The Best Student Credit Cards In Canada

Some people don’t think students should have access to credit cards.  Their reasoning is that 18-year olds are not yet mature enough to understand the tool of credit, and they can get themselves in quite a lot of trouble before they learn their lesson.

My thoughts are, instead of being scared of the tool why not just learn how to use it?  Credit cards are basically just grade 7/8 math applied to chunks of money.  If you can’t understand that when you borrow money and don’t pay it back every month you have to pay interest, and that paying interest sucks – then you probably shouldn’t be in post-secondary education and should go back to math class to be frank.

Because there should be no reason for you to carry any interest on your credit cards, I didn’t really take interest rates into consideration in these rankings (if you absolutely have to go into debt, use a student line of credit and don’t carry a monthly balance for goodness sakes).  Here are a few cards that will provide you with some cool “free” stuff if you simply use them to pay for items you’ll use anyway and then pay the balances every week.

Best Credit Cards Canada



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1) RBC Cash Back Mastercard

  • No annual Fee
  • 19.99% interest rate
  • Earn 2% cash back on your grocery store purchases (up to a maximum you shouldn’t ever hit as a student).
  • Earn 1% cash back on all other purchases.

(I’m not even sure how this is considered a student card actually, but that’s how it’s listed on the RBC website – cash back in your pocket is a pretty great deal here).

The Best Student Credit Cards In Canada
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2) Scotiabank SCENE Visa Card

  • No annual fee
  • 19.99% interest
  • Earn 1 SCENE Point for every dollar you spen.d
  • 1,000 SCENE Points gets you a free movie at Cineplex theatres.
  • Get 5 SCENE points for every dollar you spend while at Cineplex theatres.
  • 10% discount on snacks at Cineplex theatres.
  • Get 4,000 bonus points (or 4 free movies) as a bonus when you make your first purchase.

3) Dejardins Visa “For Students Only” Credit Card

  • No annual fee
  • 19.4% interest rate
  • Free cell phone insurance in the event of loss or theft – This feature alone would have saved some of my friends hundreds of dollars as they went through school!
  • 3-Day travel insurance at no charge.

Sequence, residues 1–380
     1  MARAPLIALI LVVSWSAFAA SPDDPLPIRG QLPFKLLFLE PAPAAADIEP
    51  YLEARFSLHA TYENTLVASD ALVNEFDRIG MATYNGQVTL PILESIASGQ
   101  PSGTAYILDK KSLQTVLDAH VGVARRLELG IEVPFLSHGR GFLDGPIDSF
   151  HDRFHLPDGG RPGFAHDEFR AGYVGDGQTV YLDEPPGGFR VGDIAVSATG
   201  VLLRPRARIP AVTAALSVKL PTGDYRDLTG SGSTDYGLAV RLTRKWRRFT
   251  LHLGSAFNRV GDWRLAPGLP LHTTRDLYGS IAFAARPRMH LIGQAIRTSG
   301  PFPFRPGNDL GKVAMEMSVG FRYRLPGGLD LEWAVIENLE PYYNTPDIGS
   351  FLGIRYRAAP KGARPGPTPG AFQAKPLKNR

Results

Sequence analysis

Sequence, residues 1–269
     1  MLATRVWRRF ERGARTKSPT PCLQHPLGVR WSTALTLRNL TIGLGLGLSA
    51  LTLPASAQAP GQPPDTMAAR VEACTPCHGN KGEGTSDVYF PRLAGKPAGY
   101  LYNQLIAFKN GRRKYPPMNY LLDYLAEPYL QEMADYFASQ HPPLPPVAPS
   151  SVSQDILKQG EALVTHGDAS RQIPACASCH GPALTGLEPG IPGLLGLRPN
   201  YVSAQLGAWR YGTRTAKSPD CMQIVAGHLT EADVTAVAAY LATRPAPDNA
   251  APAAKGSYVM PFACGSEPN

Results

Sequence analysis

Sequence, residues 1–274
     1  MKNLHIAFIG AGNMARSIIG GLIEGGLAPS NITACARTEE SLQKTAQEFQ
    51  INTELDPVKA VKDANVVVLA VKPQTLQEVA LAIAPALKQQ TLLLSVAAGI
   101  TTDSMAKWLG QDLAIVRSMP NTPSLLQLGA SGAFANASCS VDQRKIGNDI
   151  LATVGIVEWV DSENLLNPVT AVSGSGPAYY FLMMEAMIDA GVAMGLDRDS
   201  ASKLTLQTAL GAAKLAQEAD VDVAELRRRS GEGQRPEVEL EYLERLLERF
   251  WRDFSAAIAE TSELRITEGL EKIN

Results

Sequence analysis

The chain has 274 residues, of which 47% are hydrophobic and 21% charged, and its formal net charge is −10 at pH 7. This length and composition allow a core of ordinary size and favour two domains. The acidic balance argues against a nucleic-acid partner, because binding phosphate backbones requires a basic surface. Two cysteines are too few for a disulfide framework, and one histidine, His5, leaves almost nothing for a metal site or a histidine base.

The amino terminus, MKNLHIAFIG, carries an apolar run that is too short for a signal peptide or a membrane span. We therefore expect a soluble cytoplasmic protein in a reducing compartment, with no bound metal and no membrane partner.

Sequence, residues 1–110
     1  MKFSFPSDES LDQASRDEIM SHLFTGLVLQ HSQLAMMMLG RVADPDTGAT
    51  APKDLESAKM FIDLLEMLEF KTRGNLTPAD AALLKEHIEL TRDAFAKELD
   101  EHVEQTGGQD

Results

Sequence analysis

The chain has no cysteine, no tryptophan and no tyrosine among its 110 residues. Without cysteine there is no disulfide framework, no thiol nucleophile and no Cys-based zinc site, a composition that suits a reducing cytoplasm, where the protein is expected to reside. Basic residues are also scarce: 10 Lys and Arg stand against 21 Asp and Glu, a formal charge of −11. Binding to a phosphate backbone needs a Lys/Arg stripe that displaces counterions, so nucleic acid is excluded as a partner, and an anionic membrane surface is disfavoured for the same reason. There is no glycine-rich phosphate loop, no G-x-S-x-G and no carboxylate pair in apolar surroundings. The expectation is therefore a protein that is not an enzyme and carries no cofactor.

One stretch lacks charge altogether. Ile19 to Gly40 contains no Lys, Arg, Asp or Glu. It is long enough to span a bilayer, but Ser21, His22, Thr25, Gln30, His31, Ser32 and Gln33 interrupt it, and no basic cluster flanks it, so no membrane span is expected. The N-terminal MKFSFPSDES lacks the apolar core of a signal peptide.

• Under “options” it lists “lowering your interest rate” – maybe something that is negotiable?
  • Access to a unique ticket-selling service that has some reservation perks.

4) TD Classic Travel Visa Card

  • $20 annual fee (likely negotiable if you bank with TD)
  • 19.99% interest rate
  • Earn 2 TD travel points for every dollar you spend.  Every 10,000 TD Points = $50 off the cost of travel (very easy to redeem).
  • 2,000 Bonus TD Points upon sign up.

5) L’earn Visa card

  • No annual fee
  • 19.99% interest rate
  • Earn 1% of your purchases back every year (i.e. if you purchase $5,000 worth of stuff throughout the year, you get $50 just for using the card).

6) Signature RBC Rewards Visa

  • $39 annual fee, but it is waived if you bank with RBC.
  • 19.99% Intererest
  • Earn 1 RBC Point for every dollar in purchases.  RBC Points can be exchanged for travel through Travelocity, merchandise, Esso Extra Points, Shopper Optimum Points or WestJet dollars.

7) Laurentian Bank Student Visa Black Card

  • $20 annual fee that is waived when if you buy over $200 every month (likely negotiable in any circumstance).
  • 19.99% interest rate
  • Rewards program that gives one point for every dollar purchased with the card.  Redemptions start at 2,600 points.
  • Extended purchase insurance and manufacturer guarantees (up to one year).

If you’re an older student with some earnings and a credit history you may want to check out some more advanced rewards cards such as the one I carry in my wallet – the Capital One Aspire Mastercard.

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Absolutely credit cards are a great tool. I love this line: If you can’t understand that when you borrow money and don’t pay it back every month you have to pay interest, and that paying interest sucks – then you probably shouldn’t be in post-secondary education and should go back to math class to be frank. You may want to read this article: http://business.financialpost.com/2012/11/06/young-canadians-feeling-the-financial-pain/ One surprising finding from it: No wonder one in five young people say they use their credit card to “supplement” their income, according to a recent TD Canada Trust poll. That’s not all university students, but… Read more »

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